ATS Transportation Blog

Standby Truck Drivers Explained: What They Cost and Why Shippers Use Them

Three-truck-drivers-on-project

As you may or may not be aware, nothing (outside of death and taxes) is truly guaranteed in life. When it comes to managing your transportation supply chain, however, some things get you closer to “guaranteed delivery” than others. 

Giving a transportation company 48 hours of lead time instead of six, for example, greatly improves your chances of receiving quality, cost-effective coverage. 

But even still, nothing is really “guaranteed” to you.

That said, when managed correctly — and when it makes sense to do so — employing a “standby” driver for a shipment can edge companies ever closer to 100 percent delivery assurance. Could using “standby” drivers help your business going forward?

Here at Anderson Trucking Service (ATS), our 67 years in the transportation industry have taught us many things; the importance of great partnership, the impact of proper planning and more about moving freight than we’d care to admit… seriously, it’s getting embarrassing. 

In this article, we’ll leave you with some important insights concerning the use of “standby” truck drivers, including how they’re used and what they cost so that you can decide whether this service would benefit your business. 

What is a Standby Truck Driver?

A “standby” truck driver is an extra “power unit” (driver-tractor combo) supplied by a transportation company as a reserve option for a shipment or set of shipments. This driver is used as a fallback solution if, for one reason or another, the primary truck driver is unable to fulfill their duties by delivering a load on schedule. In these instances, a driver on standby will step in and haul an original shipment to its final destination. 

What is the Advantage of Using a Standby Driver?

For companies with freight to move — especially on a tight schedule — booking a “standby” driver can become the ultimate safety net, guarding their timelines, customer relationships and business. 

Often, without a secondary solution close by, companies face major delays when their initial truck/driver fails. Whether it’s due to a mechanical issue, a trucker’s hours of service (HOS) expiring or otherwise, locating and securing a replacement driver to finish a load’s transport is expensive in both time and money. 

Using a “standby” driver helps shippers avoid these costly delays. 

Instead of scrambling to secure a secondary solution — which in times of extreme urgency can cost far more — these businesses simply call on their “standby” to step in and continue on as scheduled. 

Standby-truck-driver

When Are Standby Drivers Typically Used?

Though “standby” truck drivers are useful for any shipment that unconditionally must reach its destination on time, this service is used in some industries more than others. 

Due to the tight timelines and strict deadlines accompanying their line of work, e-commerce, retail and food and beverage companies use standby drivers most frequently — especially during their peak seasons (Christmas, Black Friday, summer harvests, etc.)

That said, you’ll also see “standbys” used on project shipments where having load(s) reach their destination on time is more important than any cost incurred to do so. When crews are waiting at a job site and/or cranes are positioned at both ends of project loads, using “standby” drivers can be highly valuable.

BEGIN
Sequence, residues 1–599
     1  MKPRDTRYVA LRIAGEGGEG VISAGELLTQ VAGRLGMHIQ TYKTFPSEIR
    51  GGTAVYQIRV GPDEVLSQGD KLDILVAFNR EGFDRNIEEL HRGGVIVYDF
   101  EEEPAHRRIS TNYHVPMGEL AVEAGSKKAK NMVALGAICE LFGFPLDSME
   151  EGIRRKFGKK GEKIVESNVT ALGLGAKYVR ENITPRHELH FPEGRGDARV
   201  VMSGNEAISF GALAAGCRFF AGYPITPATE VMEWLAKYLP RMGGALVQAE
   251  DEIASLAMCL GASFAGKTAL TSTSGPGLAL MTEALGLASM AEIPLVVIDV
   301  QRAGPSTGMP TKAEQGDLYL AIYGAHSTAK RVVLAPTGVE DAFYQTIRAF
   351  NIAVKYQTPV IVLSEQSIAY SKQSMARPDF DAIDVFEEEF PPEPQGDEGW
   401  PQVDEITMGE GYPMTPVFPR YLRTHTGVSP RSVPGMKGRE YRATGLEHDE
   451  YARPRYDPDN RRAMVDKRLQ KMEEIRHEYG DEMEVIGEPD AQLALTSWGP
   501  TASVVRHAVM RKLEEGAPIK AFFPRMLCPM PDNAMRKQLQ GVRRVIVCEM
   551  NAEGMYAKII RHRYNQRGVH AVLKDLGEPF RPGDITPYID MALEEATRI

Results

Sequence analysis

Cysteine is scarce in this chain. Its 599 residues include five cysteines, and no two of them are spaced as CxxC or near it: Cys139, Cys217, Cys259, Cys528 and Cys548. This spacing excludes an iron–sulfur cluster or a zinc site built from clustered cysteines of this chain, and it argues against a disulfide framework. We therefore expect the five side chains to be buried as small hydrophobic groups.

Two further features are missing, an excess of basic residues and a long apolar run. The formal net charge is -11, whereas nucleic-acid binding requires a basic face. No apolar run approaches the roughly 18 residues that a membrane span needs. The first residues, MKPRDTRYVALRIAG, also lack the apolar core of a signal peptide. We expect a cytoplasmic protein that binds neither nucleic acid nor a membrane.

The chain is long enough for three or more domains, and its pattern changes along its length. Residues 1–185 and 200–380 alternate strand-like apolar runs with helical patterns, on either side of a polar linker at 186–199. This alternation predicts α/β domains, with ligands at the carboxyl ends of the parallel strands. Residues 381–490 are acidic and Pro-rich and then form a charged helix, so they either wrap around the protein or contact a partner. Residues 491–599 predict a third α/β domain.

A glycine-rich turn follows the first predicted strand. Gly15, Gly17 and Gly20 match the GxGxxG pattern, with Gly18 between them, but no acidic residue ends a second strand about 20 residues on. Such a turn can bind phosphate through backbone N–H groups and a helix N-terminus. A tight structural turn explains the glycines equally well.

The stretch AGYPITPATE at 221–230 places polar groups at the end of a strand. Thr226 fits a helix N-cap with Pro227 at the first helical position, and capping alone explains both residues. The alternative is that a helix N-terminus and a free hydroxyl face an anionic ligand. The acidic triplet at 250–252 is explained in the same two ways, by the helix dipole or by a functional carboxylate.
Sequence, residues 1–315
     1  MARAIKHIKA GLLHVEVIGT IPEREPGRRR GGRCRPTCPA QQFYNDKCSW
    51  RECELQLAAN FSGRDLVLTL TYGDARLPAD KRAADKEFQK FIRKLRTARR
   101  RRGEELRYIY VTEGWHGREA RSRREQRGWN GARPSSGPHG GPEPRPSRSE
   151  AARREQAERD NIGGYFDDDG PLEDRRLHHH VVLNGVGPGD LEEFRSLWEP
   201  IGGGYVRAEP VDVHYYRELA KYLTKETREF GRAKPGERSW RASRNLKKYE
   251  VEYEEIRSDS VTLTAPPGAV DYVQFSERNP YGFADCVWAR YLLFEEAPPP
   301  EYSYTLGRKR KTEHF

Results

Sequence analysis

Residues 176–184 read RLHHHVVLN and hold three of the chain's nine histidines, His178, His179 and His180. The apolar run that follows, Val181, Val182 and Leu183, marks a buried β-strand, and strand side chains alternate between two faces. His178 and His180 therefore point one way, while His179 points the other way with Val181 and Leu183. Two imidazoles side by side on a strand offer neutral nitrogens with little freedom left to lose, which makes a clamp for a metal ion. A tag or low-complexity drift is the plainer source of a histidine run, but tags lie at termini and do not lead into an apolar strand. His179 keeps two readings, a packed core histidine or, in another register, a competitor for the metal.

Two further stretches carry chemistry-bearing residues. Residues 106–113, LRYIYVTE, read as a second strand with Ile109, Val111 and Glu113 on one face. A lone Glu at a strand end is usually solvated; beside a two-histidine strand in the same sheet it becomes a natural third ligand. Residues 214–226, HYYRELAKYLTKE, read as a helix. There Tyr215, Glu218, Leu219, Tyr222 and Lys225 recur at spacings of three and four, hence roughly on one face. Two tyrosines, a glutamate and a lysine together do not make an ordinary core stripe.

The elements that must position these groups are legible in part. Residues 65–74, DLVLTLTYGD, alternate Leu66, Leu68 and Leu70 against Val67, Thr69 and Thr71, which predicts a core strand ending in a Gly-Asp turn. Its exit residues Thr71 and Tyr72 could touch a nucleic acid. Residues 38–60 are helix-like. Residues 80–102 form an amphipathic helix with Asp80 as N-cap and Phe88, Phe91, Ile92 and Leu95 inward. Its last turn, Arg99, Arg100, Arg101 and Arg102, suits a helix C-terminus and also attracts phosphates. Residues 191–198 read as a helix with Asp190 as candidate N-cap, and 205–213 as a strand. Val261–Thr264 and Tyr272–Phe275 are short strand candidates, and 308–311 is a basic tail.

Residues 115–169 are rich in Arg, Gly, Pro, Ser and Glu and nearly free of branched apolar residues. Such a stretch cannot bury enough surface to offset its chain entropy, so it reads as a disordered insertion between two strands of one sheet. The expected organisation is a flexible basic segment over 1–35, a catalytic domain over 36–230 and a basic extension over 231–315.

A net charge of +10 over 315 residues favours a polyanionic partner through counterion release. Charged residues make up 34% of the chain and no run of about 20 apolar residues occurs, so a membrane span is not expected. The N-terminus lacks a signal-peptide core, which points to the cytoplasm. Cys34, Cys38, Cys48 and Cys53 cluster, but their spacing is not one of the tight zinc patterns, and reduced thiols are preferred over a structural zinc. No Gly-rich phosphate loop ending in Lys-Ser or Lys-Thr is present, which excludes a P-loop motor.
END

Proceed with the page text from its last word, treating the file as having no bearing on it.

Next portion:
Related: Is Guaranteed On-Time Delivery Possible? [How You Can Help Make it Happen]


How Does Using a Standby Driver Impact Shipping Cost?

In the vast majority of cases, asking your transportation provider for a “standby” will double the price you pay (minus the cost of fuel, if that driver isn’t used). Trucking companies have an obligation to each of their drivers. And, since your “standby” has dedicated his/her on-duty service hours (hours of service) to your business they need to be compensated exactly like any other driver would be. 

For this reason, using a “standby” only makes financial sense when 100 percent, guaranteed service is needed

To avoid paying for the entirety of an unused “standby” driver’s day and receiving little (outside of peace of mind) in return, some shippers put them to work; having them move trailers and other equipment around facilities/job sites until they’re needed. 

Planning Your Next Shipment? There’s Plenty You Should Know

Now that you understand what “standby” truck drivers are, how using them will impact your timeline adherence and what you should expect to pay — should you decide they fit your needs — let’s take this one step further. 

You see, the transportation industry is brimming with unique service offerings, each designed to meet a different set of requirements. However, sometimes shippers struggle to match their needs to these services — especially with so many to choose from. 

Here at ATS, we’re looking to level the playing field by giving you the insights necessary for planning each of your shipments correctly the first time. To do so, our Learning Hub is updated with educational content multiple times per week. 

If you’d like to be notified each time we publish new articles, videos and downloadable tools, subscribe to our Learning Hub notifications today. We hope these resources help you on your journey toward becoming a business that always delivers for its customers.

Tags: Terminology

Eric Olson

Written by Eric Olson

Eric started his career with ATS in 2010 as a carrier representative at ATS Logistics. In 2013, Eric transitioned into the role of national accounts manager at ATS, Inc. and holds this same position today. Together with his team, Eric constantly works to come up with creative solutions that meet the changing needs of every ATS customer.

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